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Twelve Ravens thoughts on opening of training camp

Posted on 19 July 2018 by Luke Jones

With the Ravens holding their first full-squad workout on Thursday, I’ve offered a dozen thoughts, each in 50 words or less:

1. Much has been made about the risks of a longer training camp, but John Harbaugh believes it provides the opportunity to extend the normal three-day acclimation period to try to curtail early-camp injuries. We’ll see how it works out, but easing key veterans into action certainly makes sense.

2. With Joe Flacco conducting off-site passing sessions with his receivers last week, when do the playoff tickets go on sale? In seriousness, there’s no downside to doing it and the optics are favorable, but I’ve always filed this over-discussed topic more into the eyewash department than anything moving the meter.

3. You could have made good money if you’d wagered last December that Jimmy Smith would be taking part in 11-on-11 drills on the first day of training camp. The oft-injured cornerback turns 30 next week and enters a critical season as he carries a $16.175 million cap figure in 2019.

4. Harbaugh wouldn’t confirm ESPN’s report that the organization will pay Breshad Perriman his $649,485 roster bonus, but the 2015 first-round pick practiced Thursday and drew groans from fans when he dropped a routine pass during an individual drill. As I wrote recently, the Ravens hate giving up on early picks.

5. Inside linebacker depth behind C.J. Mosley and Patrick Onwuasor is a concern with Albert McClellan coming off an ACL injury and Bam Bradley’s return from his own ACL tear not imminent. I wouldn’t be surprised to see Baltimore explore a veteran addition, especially if Kenny Young is slow to develop.

6. It appears Matt Skura will get the first chance to nail down the starting center job. His 12 starts at right guard last year provided valuable experience, but he must prove he can be physical enough and won’t lose ground as a pass blocker up the middle.

7. Tony Jefferson labeled last year a learning experience and believes new defensive coordinator Don Martindale will effectively use his strength of playing closer to the line of scrimmage. Dean Pees didn’t always use Jefferson correctly, but the high-priced safety still needs to show much more this year.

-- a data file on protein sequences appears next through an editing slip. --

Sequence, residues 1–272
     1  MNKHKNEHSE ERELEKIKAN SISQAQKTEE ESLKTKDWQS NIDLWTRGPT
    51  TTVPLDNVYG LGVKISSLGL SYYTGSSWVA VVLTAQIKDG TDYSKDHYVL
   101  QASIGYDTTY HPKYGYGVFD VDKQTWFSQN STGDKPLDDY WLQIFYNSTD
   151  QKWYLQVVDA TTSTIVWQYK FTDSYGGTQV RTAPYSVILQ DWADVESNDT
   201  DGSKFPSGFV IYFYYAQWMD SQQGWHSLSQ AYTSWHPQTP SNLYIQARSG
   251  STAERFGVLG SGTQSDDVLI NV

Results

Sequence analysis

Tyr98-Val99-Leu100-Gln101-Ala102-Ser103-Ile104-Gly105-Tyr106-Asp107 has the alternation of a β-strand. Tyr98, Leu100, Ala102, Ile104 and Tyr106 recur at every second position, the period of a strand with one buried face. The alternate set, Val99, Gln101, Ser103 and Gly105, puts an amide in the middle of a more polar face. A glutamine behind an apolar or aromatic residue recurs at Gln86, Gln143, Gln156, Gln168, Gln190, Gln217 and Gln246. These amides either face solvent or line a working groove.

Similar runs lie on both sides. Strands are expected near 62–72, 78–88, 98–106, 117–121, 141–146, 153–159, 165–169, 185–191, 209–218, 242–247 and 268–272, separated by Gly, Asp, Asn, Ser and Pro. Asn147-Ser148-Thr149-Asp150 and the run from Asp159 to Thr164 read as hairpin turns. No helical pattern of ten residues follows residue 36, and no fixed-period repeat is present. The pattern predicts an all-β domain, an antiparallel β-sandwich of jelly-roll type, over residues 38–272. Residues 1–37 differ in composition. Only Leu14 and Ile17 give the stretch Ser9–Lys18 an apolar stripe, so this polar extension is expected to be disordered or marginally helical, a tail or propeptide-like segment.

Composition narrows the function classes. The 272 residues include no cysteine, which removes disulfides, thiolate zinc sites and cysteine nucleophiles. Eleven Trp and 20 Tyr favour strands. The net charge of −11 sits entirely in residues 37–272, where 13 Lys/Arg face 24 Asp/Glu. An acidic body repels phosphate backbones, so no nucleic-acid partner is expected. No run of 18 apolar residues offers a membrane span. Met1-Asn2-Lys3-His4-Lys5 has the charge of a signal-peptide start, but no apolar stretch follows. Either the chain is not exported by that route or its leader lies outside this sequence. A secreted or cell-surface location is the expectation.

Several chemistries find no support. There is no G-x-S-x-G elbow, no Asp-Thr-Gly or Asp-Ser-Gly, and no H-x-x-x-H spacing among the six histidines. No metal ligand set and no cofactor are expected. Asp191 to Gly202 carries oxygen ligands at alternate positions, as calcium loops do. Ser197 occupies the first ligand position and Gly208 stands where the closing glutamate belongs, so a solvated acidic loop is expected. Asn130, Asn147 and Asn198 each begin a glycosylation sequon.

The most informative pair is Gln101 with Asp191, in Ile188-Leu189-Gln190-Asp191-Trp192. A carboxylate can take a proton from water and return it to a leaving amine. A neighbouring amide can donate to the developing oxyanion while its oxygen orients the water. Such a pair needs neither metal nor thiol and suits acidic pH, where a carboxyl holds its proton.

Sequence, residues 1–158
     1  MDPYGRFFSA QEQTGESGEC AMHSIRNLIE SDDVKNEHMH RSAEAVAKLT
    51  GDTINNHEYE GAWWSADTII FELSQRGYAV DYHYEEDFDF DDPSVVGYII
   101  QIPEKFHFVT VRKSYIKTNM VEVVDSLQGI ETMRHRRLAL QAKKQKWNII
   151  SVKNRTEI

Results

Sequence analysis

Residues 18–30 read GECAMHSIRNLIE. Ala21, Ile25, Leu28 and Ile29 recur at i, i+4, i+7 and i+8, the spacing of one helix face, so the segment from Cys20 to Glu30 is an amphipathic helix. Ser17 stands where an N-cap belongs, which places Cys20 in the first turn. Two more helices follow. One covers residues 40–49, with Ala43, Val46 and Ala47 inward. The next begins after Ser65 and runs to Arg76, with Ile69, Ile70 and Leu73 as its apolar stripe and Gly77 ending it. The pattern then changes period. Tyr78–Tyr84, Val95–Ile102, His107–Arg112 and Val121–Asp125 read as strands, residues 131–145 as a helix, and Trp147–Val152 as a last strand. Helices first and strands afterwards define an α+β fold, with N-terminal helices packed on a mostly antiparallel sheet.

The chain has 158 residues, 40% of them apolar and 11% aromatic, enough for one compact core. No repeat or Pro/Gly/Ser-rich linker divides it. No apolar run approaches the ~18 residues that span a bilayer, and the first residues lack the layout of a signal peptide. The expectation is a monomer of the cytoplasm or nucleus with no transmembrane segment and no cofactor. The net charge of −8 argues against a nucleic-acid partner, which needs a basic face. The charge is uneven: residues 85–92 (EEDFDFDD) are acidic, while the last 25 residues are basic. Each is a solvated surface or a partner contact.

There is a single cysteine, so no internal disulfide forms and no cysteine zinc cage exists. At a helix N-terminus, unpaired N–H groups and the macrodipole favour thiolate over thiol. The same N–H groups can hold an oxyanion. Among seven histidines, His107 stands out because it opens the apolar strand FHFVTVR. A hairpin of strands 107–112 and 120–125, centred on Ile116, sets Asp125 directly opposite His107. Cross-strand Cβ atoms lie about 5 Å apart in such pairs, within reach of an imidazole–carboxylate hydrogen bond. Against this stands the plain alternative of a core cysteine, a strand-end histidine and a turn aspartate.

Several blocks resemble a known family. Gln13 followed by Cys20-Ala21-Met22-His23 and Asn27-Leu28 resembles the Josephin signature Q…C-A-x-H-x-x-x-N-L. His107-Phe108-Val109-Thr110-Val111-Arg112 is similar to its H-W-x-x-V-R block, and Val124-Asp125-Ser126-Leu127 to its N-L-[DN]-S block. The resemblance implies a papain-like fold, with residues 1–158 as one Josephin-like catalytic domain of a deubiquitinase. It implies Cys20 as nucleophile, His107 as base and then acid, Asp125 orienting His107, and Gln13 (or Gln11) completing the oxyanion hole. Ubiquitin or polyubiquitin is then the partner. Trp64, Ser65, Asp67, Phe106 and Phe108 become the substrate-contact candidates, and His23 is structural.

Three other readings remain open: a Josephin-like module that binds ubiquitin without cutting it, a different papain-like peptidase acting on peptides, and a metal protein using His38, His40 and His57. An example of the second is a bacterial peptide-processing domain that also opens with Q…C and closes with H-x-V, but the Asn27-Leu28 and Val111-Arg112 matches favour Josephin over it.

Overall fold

8. Maxx Williams made a nice sideline catch off a Jefferson tip during an 11-on-11 session on Thursday. With rookie tight ends Hayden Hurst and Mark Andrews in the picture and Nick Boyle a better blocker, the 2015 second-round pick needs a strong and healthy summer to maintain his roster spot.

9. One of Thursday’s highlight defensive plays was Chuck Clark intercepting a Lamar Jackson pass that either went off Hurst’s hands or was tipped by Tavon Young in tight coverage. Clark could push Anthony Levine for dime snaps, especially with the latter missing much of the offseason with a foot injury.

10. Alex Collins being a veteran excused from practice early a year after he was cut by Seattle was surprising, but it speaks to the need to keep the undersized back fresh. After playing at 200 pounds last year, he’s carrying five extra pounds to see how his body responds.

11. The other quarterbacks in camp receive all the attention, but Josh Woodrum threw a beautiful deep touchdown to DeVier Posey in an 11-on-11 drill. I’ll set the over-under on my remaining mentions of Woodrum this summer at 3.5.

12. Speaking of quarterbacks, seeing Flacco, Jackson, and even Robert Griffin III throw the football reminds me how painful it was to watch Ryan Mallett with Flacco sidelined all last summer. It’s no wonder the passing game was an utter disaster over the first half of the 2017 season.

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Twelve Ravens thoughts counting down to start of training camp

Posted on 12 July 2018 by Luke Jones

With the Ravens beginning full-squad training camp workouts in less than a week, I’ve offered a dozen thoughts, each in 50 words or less: